OK, this is nice and more advanced, but still it's not et.findall('{*}sometag'). And it also is mangling the element tree itself, not just "perform the search ignoring namespaces just this time, without re-parsing the document etc, retaining the namespace information". Well, for that case you observably need to iterate through the tree, and see for yourself, if the node matches your wishes after removing the namespace. Nov 14, 2014 at 15:12
  • 1
    This works by stripping the string but when i save the XML file using write(...) the namespace dissapears from the begging of the XML xmlns="bla" dissapears. Please advice
    – TraceKira
    Aug 29, 2016 at 19:28
  • 2
    @TomaszGandor: you could add the namespace to a separate attribute, perhaps. For simple tag containment tests (does this document contain this tag name?) this solution is great and can be short-circuited.
    – Martijn Pieters
    Oct 1, 2019 at 15:37
  • @TraceKira: this technique removes namespaces from the parsed document, and you can't use that to create a new XML string with namespaces. Either store the namespace values in an extra attribute (and put the namespace back in before turning the XML tree back into a string) or re-parse from the original source to apply changes to that based on the stripped tree.
    – Martijn Pieters
    Oct 1, 2019 at 15:40

If you remove the xmlns attribute from the xml before parsing it then there won't be a namespace prepended to each tag in the tree.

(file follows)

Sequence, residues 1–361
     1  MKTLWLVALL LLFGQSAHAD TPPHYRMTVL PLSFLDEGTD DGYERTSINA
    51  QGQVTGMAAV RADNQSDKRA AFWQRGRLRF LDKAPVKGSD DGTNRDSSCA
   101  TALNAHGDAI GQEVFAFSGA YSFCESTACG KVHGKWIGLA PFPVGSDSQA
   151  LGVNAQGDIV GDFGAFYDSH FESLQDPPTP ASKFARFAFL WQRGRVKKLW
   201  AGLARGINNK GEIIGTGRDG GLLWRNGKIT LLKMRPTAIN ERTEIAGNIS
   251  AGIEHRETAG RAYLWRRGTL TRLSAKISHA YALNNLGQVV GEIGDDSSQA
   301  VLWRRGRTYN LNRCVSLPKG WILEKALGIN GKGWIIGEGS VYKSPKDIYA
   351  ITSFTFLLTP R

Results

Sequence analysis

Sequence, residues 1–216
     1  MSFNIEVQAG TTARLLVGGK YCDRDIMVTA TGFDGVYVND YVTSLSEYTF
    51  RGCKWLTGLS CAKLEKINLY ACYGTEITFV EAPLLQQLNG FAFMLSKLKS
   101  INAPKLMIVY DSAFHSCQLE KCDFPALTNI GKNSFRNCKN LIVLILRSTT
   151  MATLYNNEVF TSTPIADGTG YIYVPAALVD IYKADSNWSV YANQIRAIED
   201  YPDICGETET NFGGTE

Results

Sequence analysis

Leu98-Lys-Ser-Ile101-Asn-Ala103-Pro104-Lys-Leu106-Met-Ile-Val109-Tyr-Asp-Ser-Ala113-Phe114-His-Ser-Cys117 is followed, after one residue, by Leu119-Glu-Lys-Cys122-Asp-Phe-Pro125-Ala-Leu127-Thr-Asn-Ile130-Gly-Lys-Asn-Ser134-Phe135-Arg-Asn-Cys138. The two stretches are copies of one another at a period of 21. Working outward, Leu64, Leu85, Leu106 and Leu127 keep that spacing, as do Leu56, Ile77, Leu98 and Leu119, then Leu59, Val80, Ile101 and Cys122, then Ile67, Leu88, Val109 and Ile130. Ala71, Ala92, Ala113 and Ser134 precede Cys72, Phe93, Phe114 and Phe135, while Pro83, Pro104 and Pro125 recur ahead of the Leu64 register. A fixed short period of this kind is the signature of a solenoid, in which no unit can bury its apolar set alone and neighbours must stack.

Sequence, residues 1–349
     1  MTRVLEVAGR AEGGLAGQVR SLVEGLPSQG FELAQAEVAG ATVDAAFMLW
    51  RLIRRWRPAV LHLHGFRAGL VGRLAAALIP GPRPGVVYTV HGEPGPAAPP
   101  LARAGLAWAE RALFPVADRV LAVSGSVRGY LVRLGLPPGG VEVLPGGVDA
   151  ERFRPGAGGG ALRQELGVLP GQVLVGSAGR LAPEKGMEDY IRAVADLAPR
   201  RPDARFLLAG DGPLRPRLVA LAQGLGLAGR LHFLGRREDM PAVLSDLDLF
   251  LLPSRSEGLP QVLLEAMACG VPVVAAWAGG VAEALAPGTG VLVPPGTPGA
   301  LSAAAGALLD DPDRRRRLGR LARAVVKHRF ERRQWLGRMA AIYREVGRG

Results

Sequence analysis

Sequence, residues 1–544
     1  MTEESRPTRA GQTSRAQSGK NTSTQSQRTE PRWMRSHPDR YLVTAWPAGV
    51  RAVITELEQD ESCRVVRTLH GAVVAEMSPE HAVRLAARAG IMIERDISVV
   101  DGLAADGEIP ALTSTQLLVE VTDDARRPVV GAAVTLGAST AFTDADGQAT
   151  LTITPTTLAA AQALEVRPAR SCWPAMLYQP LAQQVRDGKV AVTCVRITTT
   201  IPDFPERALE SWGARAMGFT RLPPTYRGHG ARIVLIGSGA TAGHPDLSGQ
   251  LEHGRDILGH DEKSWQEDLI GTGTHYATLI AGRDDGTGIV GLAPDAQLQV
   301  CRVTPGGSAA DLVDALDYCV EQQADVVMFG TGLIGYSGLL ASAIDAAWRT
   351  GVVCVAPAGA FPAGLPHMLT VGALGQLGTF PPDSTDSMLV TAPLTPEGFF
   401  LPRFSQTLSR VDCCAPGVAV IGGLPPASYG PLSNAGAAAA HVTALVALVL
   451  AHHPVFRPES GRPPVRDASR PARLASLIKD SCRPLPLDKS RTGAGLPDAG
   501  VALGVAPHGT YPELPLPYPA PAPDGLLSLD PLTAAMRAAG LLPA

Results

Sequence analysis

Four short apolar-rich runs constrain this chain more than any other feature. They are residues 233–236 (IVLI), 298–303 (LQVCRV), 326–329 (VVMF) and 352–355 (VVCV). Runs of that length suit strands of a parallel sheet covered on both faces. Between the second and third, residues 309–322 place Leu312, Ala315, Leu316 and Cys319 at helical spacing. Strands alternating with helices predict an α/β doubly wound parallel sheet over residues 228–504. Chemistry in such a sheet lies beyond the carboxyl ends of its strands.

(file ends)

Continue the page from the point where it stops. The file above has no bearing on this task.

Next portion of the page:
import re

xmlstring = re.sub(' xmlns="[^"]+"', '', xmlstring, count=1)
  • 5
    This worked in many cases for me, but then I ran into multiple namespaces and namespace aliases. See my answer for another approach that handles these cases.
    – nonagon
    Sep 18, 2014 at 19:38
  • 59
    -1 manipulating the xml via a regular expression before parsing is just wrong. though it might work in some cases, this should not be the top voted answer and should not be used in a professional application.
    – Mike
    Feb 15, 2015 at 19:48
  • 2
    Apart from the fact that using a regex for a XML parsing job is inherently unsound, this is not going to work for many XML documents, because it ignores namespace prefixes, and the fact that XML syntax allows for arbitrary whitespace before attribute names (not just spaces) and around the = equals sign.
    – Martijn Pieters
    Oct 1, 2019 at 15:31